torpediniformes

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Ocellated Torpedo - Torpedo torpedo

Also commonly known as Common Torpedo, or Eyed Electric Ray, Torpedo torpedo (Torpediniformes - Torpedinidae) is a species of electric ray, which occurs in the eastern Atlantic, including Mediterranean Sea, inhabiting on soft bottoms, typically in inshore locations although it is occasionally observed in deeper waters.

This ray more commonly reaches lengths of 30 cm (male) and 39 cm (female). They feed primarily on benthic bony fish, and occasionally eat crustaceans. Ocellated torpedos can use its pair of large electric organs to stun prey and deter threats. Each organ is comprised of 400-500 columns that contain jelly-filled disks referred to as “electroplaques”. These columns work together and are capable of discharging up to 200 volts either singly or in bursts. 

The genus name, Torpedo, comes from the Latin word torpidus, meaning numbness in reference to the effect of the electric organ. The electric shock from the common torpedo is quite strong but is not life-threatening to humans. In fact, due to the local anesthetic properties of electrical discharges from torpedo fish, described by the ancient Greeks with the word ‘narke’, since 153 AD, the Roman physician Scribonius Largus advised his patients to stand on moist, live torpedo fish to cure any type of gout.

References: [1] - [2] - [3]

Photo credits: ©Antoni López-Arenas | Locality: Pont del Petroli, Manresa, Badalona, Catalonia, 10m deep (2013) | [Top] - [Bottom]

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MORE NEW ELASMOBRANCHS SPECIES FROM INDIAN OCEAN!

Described based on four specimens collected in 2015 from the Andaman Sea, off Myanmar. The fanray (Platyrhina psomadakisi) is  the first records of the family Platyrhinidae from the Indian Ocean with the three other members of the genus being restricted to the North-West Pacific. This new species differs from its congeners in having a series of faint dark bands on the body and tail, more pectoral-fin radials, and much more widely separated dorsal fins.  The Andaman Sea is the marginal body of water of the northeastern Indian Ocean.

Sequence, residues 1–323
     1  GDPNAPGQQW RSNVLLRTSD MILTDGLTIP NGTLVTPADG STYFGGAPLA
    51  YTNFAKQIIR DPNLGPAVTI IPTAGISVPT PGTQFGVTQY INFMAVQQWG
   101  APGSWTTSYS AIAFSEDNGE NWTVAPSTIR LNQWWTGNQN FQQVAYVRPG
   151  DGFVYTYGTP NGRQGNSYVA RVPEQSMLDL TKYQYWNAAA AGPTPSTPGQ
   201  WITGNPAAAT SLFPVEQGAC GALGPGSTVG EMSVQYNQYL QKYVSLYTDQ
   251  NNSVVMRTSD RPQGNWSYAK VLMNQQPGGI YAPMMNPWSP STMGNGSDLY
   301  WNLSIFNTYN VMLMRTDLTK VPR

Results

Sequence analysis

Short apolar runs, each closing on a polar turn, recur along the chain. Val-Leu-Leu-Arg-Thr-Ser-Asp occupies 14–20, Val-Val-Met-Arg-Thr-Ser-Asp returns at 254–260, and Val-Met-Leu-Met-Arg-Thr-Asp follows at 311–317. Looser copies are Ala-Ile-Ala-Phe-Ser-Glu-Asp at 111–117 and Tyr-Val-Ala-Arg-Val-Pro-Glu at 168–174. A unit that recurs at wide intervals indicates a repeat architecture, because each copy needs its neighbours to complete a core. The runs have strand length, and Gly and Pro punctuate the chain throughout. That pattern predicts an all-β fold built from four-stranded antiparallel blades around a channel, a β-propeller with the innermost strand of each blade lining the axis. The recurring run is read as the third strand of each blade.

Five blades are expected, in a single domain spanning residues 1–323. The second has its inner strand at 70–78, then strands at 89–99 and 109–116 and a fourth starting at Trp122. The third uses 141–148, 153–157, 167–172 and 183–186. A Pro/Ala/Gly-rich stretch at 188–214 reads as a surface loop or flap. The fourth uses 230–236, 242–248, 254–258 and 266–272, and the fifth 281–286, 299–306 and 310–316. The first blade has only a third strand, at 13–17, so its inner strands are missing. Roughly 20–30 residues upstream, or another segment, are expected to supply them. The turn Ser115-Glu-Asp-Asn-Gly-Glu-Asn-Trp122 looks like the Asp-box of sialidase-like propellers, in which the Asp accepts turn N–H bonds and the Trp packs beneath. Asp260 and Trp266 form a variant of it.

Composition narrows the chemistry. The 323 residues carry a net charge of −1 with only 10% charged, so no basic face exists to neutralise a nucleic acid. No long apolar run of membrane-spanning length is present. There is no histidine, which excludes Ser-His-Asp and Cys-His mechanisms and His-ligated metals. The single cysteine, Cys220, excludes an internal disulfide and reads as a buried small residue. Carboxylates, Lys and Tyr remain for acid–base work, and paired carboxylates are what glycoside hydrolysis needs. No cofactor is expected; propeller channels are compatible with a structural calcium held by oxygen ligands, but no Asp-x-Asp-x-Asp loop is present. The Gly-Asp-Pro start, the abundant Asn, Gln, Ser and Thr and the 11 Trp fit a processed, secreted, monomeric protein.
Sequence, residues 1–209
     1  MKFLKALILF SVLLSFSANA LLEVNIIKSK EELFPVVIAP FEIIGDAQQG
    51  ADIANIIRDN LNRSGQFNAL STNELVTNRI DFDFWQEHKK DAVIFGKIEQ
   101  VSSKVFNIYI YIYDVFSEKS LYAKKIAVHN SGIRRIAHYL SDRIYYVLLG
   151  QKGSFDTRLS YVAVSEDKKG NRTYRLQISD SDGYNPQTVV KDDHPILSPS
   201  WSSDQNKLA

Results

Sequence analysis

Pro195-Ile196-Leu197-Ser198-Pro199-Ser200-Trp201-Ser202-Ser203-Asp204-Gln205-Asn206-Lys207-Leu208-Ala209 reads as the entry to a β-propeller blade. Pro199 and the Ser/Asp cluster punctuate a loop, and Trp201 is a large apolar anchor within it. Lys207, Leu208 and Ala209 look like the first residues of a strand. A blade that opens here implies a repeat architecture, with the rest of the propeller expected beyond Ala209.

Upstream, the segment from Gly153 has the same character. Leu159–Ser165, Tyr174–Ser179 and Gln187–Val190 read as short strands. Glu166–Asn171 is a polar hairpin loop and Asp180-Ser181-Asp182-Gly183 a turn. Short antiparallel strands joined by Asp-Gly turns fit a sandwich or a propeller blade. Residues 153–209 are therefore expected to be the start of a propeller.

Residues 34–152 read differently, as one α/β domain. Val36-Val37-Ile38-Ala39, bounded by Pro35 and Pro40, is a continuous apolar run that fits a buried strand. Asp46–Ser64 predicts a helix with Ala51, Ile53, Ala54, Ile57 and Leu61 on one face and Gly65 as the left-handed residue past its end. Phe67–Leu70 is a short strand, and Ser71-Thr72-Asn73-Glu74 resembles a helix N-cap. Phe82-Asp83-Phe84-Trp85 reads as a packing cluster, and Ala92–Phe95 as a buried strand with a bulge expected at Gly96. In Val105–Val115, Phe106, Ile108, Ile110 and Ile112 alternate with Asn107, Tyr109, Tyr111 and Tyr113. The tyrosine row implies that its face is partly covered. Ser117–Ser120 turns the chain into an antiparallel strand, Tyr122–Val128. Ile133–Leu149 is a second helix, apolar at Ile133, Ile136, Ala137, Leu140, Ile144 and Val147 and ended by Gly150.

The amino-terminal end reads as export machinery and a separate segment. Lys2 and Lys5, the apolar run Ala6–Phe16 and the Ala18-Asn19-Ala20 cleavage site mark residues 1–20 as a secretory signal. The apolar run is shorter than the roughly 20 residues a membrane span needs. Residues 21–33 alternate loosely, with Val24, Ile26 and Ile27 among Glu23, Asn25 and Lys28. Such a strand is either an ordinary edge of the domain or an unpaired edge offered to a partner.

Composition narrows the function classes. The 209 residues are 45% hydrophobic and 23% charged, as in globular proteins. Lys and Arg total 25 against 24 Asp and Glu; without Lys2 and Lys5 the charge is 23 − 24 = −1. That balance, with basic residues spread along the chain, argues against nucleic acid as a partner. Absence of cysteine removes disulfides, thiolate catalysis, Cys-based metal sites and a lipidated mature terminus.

- Female Platyrhina psomadakisi in all in all its splendor and majesty 

And from the tropical eastern Indian Ocean, Indonesia, another chondrichities is described, the new species of numbfish Narcine baliensis is distinguished from its congeners in details of its color pattern, in tooth band morphology, and in proportions of its dorsal fins, among other features. 

The numbfishes are a group of electric rays (order Torpediniformes). They are bottom-dwelling cartilaginous fishes with large, rounded pectoral fin discs and long tails. They can produce an electric discharge for defense, from which their scientific name is derived (Greek narke, meaning “paralysis”).

- Male Narcine baliensis, from southern coast of Central Java, Indonesia.

Despite these new species are not related, both are demersal, living in relationship with the seafloor.

Reference: 

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Coffin Ray (Hypnos monopterygius)

… is a species of electric ray or numbfish found only off the coasts of Eastern and Western Australia. Like all electric rays the coffin ray has an electric organ which allows it to dispatch its prey with a 200v electric shock, it uses this shock to feed on fish, cephalopods, worms and occasionally penguins and rats. Coffin rays are poor swimmers and are active at night, during the day they spend their time buried in the sediment to keep out of the sight of predators. Although their shock can cause severe pain in humans it is in no way lethal.

Phylogeny

Animalia-Chordata-Chondricthyes-Elasmobranchii-Torpediniformes-Torpedinidae-Hypnos-monopterygius

Image Source(s)

Narcine baliensis • A New Species of Electric Ray (Chondrichthyes: Torpediniformes) from southeast Asia  [2016]

A new species of numbfish, Narcine baliensis, sp. nov., is described from the tropical eastern Indian Ocean from Indonesia. It is superficially similar to N. brevilabiata and N. atzi in aspects of its color pattern, but is distinguished from both congeners in details of its color pattern, in tooth band morphology, and in proportions of its dorsal fins, among other features.

Narcine baliensis, sp. nov., is unique in having a dorsal color pattern composed of large, circular, ovoid or elongate dark brown spots or blotches on dorsal disc along with more numerous small (about eye-sized or slightly greater) brownish, subcircular spots, with large blotches and small spots surrounded by a very slender creamy-white pattern, as well as in having broadly circular upper and lower tooth bands of about the same width and shape.

The genus Narcine is now composed of 20 valid species, but uncertainty remains concerning the identification and morphological variation of some of its species in the tropical Indo-West Pacific region. 

(via: NovaTaxa - Species New to Science)

reference:

Marcelo R. De Carvalho and William T. White. 2016. Zootaxa. 4127(1);  DOI:  10.11646/zootaxa.4127.1.8